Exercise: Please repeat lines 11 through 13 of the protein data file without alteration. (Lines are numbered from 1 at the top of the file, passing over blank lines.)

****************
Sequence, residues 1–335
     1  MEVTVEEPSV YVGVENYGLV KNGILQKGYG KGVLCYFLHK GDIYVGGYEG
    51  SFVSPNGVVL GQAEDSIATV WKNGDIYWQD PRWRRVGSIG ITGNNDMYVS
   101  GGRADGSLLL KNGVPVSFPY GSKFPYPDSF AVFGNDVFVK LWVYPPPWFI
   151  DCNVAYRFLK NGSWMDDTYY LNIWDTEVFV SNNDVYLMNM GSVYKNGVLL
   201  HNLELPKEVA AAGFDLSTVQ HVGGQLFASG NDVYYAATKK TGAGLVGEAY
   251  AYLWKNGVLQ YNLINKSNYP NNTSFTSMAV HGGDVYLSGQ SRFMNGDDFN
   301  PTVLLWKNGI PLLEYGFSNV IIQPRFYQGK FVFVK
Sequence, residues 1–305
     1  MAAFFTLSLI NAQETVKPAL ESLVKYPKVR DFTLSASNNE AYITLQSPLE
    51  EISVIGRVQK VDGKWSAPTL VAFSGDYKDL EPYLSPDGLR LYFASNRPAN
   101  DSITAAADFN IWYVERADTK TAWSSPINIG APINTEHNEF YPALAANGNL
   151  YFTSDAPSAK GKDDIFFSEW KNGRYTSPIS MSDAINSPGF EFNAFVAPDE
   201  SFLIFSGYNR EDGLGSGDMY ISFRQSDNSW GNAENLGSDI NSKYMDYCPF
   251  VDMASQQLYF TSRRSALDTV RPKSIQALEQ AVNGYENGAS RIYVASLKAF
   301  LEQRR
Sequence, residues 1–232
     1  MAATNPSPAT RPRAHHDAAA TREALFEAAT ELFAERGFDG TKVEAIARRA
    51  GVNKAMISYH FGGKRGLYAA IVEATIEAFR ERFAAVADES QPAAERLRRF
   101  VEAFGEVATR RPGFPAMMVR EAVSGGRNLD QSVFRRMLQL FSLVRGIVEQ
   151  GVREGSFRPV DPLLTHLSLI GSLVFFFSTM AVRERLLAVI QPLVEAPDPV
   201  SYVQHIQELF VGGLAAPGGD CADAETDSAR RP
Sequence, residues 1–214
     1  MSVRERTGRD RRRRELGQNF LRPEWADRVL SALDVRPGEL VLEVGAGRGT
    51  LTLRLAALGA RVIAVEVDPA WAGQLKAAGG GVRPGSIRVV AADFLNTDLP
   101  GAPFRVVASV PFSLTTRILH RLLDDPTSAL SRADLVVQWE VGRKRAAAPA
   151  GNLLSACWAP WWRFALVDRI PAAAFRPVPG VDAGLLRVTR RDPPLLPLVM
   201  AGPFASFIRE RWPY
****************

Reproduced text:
    51  EISVIGRVQK VDGKWSAPTL VAFSGDYKDL EPYLSPDGLR LYFASNRPAN
   101  DSITAAADFN IWYVERADTK TAWSSPINIG APINTEHNEF YPALAANGNL
   151  YFTSDAPSAK GKDDIFFSEW KNGRYTSPIS MSDAINSPGF EFNAFVAPDE